Travel trade players are anxious that the closure of the Kawah Putih, a crater lake in Bandung, West Java, due to forest fires would affect footfall to the increasingly popular tourist attraction.
The area’s management had closed off the popular attraction atop Bandung’s Mount Patuha since Tuesday due to forest fires. There were no casualties from the fire which broke out on Monday afternoon, according to the West Java Police, who is still investigating the cause of the fire.
Budijanto Ardijansyah, president director of My Duta Tour and chairman of the Association of Indonesian Tours and Travel Agencies (ASITA) West Java chapter, was dismayed to learn that the fire had destroyed new stairs built to create easier access to the crater for visitors.
Kawah Putih’s closure comes at a time when the spot is emerging as an attractive alternative to Tangkuban Parahu, a hitherto popular destination that has seen a decline in visitor numbers since the government’s implementation of a price hike.
“Kawah Putih is growing as a major tourist destination (in West Java). Many foreign tourists visit this site,” he said, adding that most of My Duta Tour’s foreign visitors to Kawah Putih came from Malaysia and Singapore.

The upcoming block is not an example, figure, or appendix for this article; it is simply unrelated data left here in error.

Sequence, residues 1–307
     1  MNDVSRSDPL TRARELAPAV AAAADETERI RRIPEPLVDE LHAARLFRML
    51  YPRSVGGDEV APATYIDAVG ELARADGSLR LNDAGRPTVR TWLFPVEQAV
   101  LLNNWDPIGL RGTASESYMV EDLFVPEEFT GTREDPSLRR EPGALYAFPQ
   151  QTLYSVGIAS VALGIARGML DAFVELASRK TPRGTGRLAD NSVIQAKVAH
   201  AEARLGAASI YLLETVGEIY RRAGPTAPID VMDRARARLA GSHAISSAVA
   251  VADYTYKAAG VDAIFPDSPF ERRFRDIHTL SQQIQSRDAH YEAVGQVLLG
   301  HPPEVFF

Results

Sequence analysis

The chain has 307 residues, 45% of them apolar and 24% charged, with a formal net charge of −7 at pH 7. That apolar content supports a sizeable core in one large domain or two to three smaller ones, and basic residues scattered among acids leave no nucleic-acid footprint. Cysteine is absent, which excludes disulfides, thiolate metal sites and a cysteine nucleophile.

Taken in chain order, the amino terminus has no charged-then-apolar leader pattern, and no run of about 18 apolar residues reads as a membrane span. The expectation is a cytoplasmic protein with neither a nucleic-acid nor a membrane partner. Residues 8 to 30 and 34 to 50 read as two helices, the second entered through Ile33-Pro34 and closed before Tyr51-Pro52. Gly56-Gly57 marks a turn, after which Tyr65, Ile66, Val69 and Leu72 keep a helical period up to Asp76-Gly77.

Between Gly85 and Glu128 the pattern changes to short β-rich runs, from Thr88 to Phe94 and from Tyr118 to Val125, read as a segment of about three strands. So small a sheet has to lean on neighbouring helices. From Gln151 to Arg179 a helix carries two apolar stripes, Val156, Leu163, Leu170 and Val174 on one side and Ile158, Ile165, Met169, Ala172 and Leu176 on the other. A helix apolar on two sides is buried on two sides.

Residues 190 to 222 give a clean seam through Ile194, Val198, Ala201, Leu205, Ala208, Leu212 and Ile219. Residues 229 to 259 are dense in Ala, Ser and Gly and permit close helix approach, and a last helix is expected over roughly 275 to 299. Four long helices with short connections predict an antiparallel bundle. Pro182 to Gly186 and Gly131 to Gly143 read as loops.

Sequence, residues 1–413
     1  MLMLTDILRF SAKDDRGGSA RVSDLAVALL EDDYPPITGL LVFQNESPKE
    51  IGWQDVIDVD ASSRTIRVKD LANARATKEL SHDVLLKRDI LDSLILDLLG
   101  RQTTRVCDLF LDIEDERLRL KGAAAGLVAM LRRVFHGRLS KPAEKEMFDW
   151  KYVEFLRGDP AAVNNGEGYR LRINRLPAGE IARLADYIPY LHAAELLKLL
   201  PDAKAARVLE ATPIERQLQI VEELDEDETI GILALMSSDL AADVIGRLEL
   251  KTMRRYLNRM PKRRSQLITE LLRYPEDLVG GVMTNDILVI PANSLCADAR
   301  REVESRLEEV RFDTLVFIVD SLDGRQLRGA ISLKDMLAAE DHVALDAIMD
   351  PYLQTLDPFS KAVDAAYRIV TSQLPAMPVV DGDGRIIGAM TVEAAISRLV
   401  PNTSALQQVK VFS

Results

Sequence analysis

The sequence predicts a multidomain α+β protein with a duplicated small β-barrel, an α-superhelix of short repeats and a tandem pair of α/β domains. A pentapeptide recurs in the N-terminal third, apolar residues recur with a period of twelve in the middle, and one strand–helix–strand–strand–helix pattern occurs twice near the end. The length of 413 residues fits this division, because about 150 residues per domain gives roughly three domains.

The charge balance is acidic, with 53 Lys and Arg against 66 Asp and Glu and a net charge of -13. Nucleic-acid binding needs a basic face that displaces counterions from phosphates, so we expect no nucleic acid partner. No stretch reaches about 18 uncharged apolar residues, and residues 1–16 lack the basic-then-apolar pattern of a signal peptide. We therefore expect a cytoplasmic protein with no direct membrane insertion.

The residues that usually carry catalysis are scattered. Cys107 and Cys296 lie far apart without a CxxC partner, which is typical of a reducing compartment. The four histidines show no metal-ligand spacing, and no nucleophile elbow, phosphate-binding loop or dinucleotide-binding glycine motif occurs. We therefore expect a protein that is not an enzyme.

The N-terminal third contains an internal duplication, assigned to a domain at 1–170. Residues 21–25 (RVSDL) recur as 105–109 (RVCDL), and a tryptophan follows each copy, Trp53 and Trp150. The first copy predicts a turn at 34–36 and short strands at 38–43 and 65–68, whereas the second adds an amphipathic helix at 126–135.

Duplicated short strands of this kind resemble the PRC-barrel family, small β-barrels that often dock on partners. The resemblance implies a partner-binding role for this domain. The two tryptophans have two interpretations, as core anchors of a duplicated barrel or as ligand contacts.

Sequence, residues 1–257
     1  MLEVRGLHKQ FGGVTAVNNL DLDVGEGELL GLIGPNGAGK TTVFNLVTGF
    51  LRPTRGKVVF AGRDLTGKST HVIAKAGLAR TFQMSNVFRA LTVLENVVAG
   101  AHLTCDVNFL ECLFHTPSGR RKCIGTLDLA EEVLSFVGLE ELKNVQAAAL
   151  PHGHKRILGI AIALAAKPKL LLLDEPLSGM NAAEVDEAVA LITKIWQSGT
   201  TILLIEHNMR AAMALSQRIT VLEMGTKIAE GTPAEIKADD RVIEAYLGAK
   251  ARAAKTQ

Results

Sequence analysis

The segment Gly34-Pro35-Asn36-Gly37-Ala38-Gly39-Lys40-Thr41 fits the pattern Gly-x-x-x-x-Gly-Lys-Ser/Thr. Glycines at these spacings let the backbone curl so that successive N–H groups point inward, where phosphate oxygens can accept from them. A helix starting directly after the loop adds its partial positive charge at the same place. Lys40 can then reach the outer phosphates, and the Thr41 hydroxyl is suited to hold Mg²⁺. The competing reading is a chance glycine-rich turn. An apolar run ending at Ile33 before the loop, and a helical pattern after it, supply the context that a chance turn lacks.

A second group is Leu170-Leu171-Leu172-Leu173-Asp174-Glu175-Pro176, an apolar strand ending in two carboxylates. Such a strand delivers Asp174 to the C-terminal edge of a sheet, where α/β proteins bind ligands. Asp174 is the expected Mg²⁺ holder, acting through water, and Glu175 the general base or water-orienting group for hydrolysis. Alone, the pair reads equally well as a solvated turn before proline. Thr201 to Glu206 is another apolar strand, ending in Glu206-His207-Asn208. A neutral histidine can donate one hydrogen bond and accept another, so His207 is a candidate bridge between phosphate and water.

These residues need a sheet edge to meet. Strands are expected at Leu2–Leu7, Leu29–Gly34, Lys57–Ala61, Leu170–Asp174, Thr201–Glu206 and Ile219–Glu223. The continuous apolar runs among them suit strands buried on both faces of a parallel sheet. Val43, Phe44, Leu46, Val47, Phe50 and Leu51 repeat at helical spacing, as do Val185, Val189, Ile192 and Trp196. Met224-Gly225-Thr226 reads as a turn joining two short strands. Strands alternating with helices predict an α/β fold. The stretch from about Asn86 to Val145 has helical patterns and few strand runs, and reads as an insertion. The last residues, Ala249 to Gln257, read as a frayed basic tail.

Budijanto said he did not receive any reports of cancellations from ASITA members, as tour operations could still run normally by replacing the Kawah Putih attraction with other nearby destinations, such as Situ Patenggang Lake.
Bandung-based Exotic Java Trails Tours and Travel’s director Daniel Nugraha said that he was also shattered by the news report as Kawah Putih is currently more attractive to foreigners than Tangkuban Parahu.
“Kawah Putih received more inbound tourists than Tangkuban Parahu. They prefer to visit Kawah Putih because the ticket to enter Tangkuban Parahu is too expensive (for them). We also met with difficulties while selling tour packages to Tangkuban Parahu for the same reason,” he said.
This fire, he added, made him more stressful than the eruption of Mount Tangkuban Parahu months ago. His concern was that without proper and clear information, travellers would presume that the entire Mount Patuha was closed off and that might lead to cancellations.
“The fire rages forests surrounding the crater only. Nearby tourist destinations, such as Rengganis Crater, which is behind Kawah Putih, remain open,” Nugraha said, adding that he had replaced Kawah Putih with Rengganis Crater in his company’s tour itinerary due to the fire.
Daniel said that leisure travellers made up the bulk of visitors to Kawah Putih. However, next week, he would be hosting corporate groups from Malaysia and Singapore planning to visit Kawah Putih during their business trips in Bandung.
“What we can do today is to take a wait-and-see approach as to whether it (Kawah Putih) will remain closed next week,” he said.